β-sitosterol (1) is known to possess anti-inflammatory and antipyretic [21], and antioxidant, and anti-diabetic potentials [22]. It has also been found to exhibit tyrosinase inhibitory [23] and radical scavenging properties [24]. It is a proven anticancer against certain cancers, human cancer cell lines (HL-60) [25]. Anticancer activity of compound (3) has been reported from the ethanolic extract of the bark of H. integrifolia [19].

The mass spectrum of peak #23 (scan 10427) and peak #25 (scan 10521) showed the molecular peak [M]+ at m/z 410, 424 respectively. Two characteristic ion peaks at m/z 218 and 207 were observed for peak #23 (scan 10427) and for peak #25 (scan 10521) at m/z 218 and 203. All these ion peaks resulted from retro-Diels-Alder cleavage of ring [26]. For peak #23 (scan 10427) other fragment ions were also observed at m/z 410 [M-CH3]+ and 395 [M-2CH3]+. This fragmentation pattern when compared with electronic mass spectral library confirmed the presence of olean-13(18)-ene (2) and α- amyrenone (4). Diol of olean-13(18)-ene (caflodiol) has been reported as anti-tumor, and its cytotoxic activity against human cancer cell lines [27]. Anti-Inflammatory and Antihypersensitivity effect of α- amyrenone (4) has been documented [28].

For peak #27 (scan 10606) strong intensity molecular peak [M]+ was observed at m/z 410. Loss of side chain from C-17 gave characteristic fragment ion peak [M-141]+ at m/z 269 but it was observed with one methyl group less at m/z 253. Two other very typical fragment ions of cholesta-3, 5-dien-7-one moiety were identified at m/z 187 and 174 (base peak). Both of these peaks arise due to the cleavage of ring C [29]. These findings upon comparison with electronic mass spectral library, were suggestive of the spectrum to be of stigmasta-3, 5- diene-7-one (5). Compound (5) has been identified from the stem bark of P. angolensis by GC-MS analysis [30]. It has been reported as a free radical scavenge [31].

In case of peak #29 (scan 10699) the mass spectral data showed molecular ion peak [M]+ with m/z 412, with other peaks of fragment ions at m/z 397, 370, 355, 271, 147 and 124. The molecular ion peak 412 represents the intact molecule and also gives the exact molecular weight of the compound. The m/z 397 is associated with the loss in mass of 15 from the molecular ion. This can be associated with the loss of methyl (CH3) group [M-CH3]+. The m/z 370 arises from the loss in mass of 29. This is associated with the loss of ethyl group (C2H5) from m/z 397. The m/z 355 resulted from loss in mass of 15(CH3) from m/z 370. The m/z 271 resulted from loss in mass of 141 (C10H21) from the molecular ion. This gave vital information about the presence of a bulky side chain in the molecule. This is a characteristic of steroidal fragmentation pattern. The m/z 147 and 124 confirms the presence of rings and it resulted from the decomposition of m/z 271 [32]. This fragmentation pattern when compared with electronic mass spectral library confirmed the presence of stigmast-4-en-3-one (6). Compound (6) has been isolated as a constituent from the bark of Anacardium occidentale (Cashew) with its hypoglycaemic activity [33].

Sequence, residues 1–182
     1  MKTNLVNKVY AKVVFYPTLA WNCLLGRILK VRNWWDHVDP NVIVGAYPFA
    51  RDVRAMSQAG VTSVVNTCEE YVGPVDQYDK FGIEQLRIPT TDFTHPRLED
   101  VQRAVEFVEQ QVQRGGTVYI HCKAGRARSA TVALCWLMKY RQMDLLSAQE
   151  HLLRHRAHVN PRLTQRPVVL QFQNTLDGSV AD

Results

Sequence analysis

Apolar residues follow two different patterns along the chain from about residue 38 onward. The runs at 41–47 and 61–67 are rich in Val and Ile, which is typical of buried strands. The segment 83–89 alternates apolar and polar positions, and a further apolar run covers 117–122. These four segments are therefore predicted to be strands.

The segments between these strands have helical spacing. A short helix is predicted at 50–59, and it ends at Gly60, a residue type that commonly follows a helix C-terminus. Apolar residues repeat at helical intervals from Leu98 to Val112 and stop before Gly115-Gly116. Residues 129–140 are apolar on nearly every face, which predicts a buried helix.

Peak #35 (scan 11129) showed strong molecular ion peak [M]+ at m/z 428. Other fragment ions were observed at m/z 398 [M-2CH3]+, 287 [M-side chain]+ and due to ring cleavage at m/z 207. The fragmentation pattern when compared with electronic mass spectral library confirmed the presence of citrost-7-en-3ol (8). It has been reported with its antioxidant property in the literature [34].

Identified and unidentified compounds (UI) were listed in Table 3 by following the same order of compounds as mentioned in result.

Peak # Scan # R.T M. Formula M. Wt Name of Compound (number)
22 10410 80.307 C29H50O 414 β-Sitosterol (1)
23 10427 80.44 C30H50 410 Olean-13(18)-ene (2)
24 10481 80.824 C30H50O2 442 Betulin (3)
25 10521 81.128 C30H48O 424 α-Amyrenone (4)
26 10575 81.521 C30H50O 426 UI-1
27 10606 81.744 C29H46O 410 Stigmasta-3, 5-diene-7-one (5)
28 10628 81.906 C29H48O 412 UI-2
29 10699 82.421 C29H48O 412 Stigmast-4-en-3-one (6)
30 10773 82.957 C30H50 410 UI-3
31 10832 83.404 C30H52O 428 Friedelan-3-ol (7)
32 Not scanned Not scanned
33 10953 84.277 C32H54O4 502 UI-4
34 11020 84.775 C42H64O2 600 UI-5
35 11129 85.577 C30H52O 428 Citrost-7-en-3ol (8)
equation
R=OH, R1=H, R2=R3=Δ, R4=H, R5=H, ß-Sitosterol (1)
R=O, R1=R2=Δ, R3=H, R4=H, R5=H, Stigmast-4-en-3-one (5)
R=R1=Δ, R2=R3=Δ, R4=O, R5=H, Stigmasta-3,5-diene-7-one (6)
R=OH, R1=CH3, R2=H, R3=H, R4=R5= Δ, Citrost-7-en-3-ol (8)
equation
Butelin (3)
  equation Olean-13(18)-ene (2)   equation
α-Amyrenone (4)
  equation
Friedelan-3-ol (7)

Table 3: Compounds identified through GC-MS.

Conclusion

Identified triterpenoids (1-8) have also been identified and isolated from different plants but only one or two constituents were found in each species. In bark extract of Holoptelea integrifolia (Roxb.) Planch they all are gathered. Most of them have anticancer activity, and some have antioxidant, hypoglycemic, anti-inflammatory activity. Therefore, bark of H. integrifolia is rich with medicinal constituents and further study may lead to isolate an anticancer bioactive compound.

References

Citation: Hassan A, Rasheed M, Ali M, Ishrat G, Ahmed M (2018) Identification of Five New Triterpenoids from Ethylacetate Bark Extract of Holoptelea integrifolia (Roxb.) Planch by GC-MS. Nat Prod Chem Res 6: 338. DOI: 10.4172/2329-6836.1000338

Copyright: © 2018 Hassan A, et al. This is an open-access article distributed under the terms of the Creative Commons Attribution License, which permits unrestricted use, distribution, and reproduction in any medium, provided the original author and source are credited.